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I think it's more usual when using the state pattern for the state to have a set of well-defined methods on it rather than one general method. You can see that your return value for DoWork is barely used.

I'll try to show that using just the first transition: selecting a product. I haven't compiled the code, I've written it straight into CR so apologies for any errors on my part.

internal abstract class VendingMachineState
{
     protected readonly VendingMachine Machine;

     public VendingMachineState(VendingMachine machine)
     {
         Machine = machine;
     }

     public abstract void ChooseProduct(int productId);
}

internal class AwaitingChoiceState : VendingMachineState
{
    public AwaitingChoiceState(VendingMachine vendingMaching): base(vendingMachine) { }

    public override void ChooseProduct(int productId)
    {
        Machine.SetState(new ProductChosenState(Machine, productId));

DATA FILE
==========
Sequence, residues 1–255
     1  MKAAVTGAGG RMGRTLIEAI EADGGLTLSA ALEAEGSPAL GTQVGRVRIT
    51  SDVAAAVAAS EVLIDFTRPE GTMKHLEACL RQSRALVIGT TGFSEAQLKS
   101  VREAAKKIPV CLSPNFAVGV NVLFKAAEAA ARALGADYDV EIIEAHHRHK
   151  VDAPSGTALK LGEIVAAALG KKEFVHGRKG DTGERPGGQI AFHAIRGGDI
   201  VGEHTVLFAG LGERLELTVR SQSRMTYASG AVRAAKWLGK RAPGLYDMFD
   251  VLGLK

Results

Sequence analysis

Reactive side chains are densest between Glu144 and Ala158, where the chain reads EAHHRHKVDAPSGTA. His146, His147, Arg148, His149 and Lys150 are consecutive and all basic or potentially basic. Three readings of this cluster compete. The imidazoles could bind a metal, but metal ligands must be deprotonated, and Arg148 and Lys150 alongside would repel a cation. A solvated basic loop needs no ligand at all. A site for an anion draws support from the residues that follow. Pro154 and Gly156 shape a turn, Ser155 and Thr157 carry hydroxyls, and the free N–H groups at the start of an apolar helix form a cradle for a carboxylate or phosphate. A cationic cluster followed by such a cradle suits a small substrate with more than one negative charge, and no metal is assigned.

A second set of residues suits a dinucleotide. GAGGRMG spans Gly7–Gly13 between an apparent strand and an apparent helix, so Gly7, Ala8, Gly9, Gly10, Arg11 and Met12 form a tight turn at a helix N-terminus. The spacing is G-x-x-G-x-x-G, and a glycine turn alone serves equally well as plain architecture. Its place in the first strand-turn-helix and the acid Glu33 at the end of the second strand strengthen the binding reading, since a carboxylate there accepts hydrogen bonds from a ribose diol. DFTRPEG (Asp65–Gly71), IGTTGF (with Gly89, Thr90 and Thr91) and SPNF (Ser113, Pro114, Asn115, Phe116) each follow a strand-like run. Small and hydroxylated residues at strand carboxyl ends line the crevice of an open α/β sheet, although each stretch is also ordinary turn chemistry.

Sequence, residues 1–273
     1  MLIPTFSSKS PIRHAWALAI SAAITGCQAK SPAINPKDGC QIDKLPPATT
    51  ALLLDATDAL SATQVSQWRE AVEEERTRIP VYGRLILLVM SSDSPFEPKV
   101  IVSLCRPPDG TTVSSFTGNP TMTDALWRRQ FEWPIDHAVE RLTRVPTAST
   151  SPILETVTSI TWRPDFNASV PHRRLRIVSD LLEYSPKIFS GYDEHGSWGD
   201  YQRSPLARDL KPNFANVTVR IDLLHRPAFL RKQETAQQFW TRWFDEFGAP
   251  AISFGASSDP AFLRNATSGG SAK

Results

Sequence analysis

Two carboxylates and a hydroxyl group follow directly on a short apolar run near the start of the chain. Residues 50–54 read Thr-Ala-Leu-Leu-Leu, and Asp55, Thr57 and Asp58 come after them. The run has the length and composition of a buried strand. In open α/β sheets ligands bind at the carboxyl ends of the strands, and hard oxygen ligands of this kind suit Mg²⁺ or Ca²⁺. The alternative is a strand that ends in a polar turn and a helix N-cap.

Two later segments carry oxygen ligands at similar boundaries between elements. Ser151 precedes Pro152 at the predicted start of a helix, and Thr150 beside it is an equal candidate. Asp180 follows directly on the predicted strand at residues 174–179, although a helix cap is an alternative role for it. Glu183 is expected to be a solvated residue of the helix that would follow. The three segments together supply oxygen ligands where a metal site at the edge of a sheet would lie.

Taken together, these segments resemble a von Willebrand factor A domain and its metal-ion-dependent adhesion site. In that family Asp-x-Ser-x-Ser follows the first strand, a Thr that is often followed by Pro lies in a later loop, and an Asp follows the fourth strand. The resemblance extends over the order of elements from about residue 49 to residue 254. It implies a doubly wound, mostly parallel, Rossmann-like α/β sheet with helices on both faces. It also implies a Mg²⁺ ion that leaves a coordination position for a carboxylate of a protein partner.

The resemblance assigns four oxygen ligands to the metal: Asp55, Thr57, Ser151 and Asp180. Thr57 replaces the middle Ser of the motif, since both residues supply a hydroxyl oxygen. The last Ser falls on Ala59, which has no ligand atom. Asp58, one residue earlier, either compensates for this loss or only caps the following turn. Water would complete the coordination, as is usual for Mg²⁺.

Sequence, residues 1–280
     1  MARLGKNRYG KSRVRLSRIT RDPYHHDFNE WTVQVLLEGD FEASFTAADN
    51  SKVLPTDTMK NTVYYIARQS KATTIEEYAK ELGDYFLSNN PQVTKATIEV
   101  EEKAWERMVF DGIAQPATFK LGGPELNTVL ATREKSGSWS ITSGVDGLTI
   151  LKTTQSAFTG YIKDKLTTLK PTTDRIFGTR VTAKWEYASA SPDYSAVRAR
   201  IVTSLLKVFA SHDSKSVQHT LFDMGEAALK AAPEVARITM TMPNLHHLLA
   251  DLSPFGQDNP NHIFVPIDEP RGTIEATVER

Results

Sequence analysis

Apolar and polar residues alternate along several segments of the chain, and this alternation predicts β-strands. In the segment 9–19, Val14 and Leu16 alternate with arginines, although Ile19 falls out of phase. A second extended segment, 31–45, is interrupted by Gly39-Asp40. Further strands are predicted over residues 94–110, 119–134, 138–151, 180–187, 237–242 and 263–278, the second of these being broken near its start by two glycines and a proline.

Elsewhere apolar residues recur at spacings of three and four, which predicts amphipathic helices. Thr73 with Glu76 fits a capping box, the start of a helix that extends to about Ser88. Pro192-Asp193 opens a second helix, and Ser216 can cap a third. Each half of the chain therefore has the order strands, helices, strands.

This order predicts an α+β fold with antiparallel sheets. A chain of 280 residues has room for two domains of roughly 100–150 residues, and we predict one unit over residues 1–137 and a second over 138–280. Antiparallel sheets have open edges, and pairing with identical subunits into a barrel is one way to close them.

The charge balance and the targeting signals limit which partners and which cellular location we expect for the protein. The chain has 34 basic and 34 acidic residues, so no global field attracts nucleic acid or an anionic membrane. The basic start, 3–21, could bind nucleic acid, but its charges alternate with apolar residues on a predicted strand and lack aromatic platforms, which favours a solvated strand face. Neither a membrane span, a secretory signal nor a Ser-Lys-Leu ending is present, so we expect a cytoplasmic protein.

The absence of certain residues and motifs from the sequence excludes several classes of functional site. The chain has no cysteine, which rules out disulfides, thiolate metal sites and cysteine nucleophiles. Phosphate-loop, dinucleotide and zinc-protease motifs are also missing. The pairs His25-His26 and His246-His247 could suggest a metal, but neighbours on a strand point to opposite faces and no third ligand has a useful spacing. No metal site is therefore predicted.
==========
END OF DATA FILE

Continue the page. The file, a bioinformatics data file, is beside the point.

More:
}
}

internal class ProductChosenState : VendingMachineState
{
    public int ProductId { get; }        

    public ProductChosenState(VendingMachine vendingMaching, int productId): base(vendingMachine)
    {
        ProductId = productId;
    }

    public override void ChooseProduct(int productId)
    {
        // You might want this to be a no-op, or change the void return type to something more meaningful. 
        throw new InvalidOperationException("Product already selected");
    }
}

Your VendingMachine then just forwards calls to the state:

public void ChooseProduct(int productId)
{
    _state.ChooseProduct(productId);
}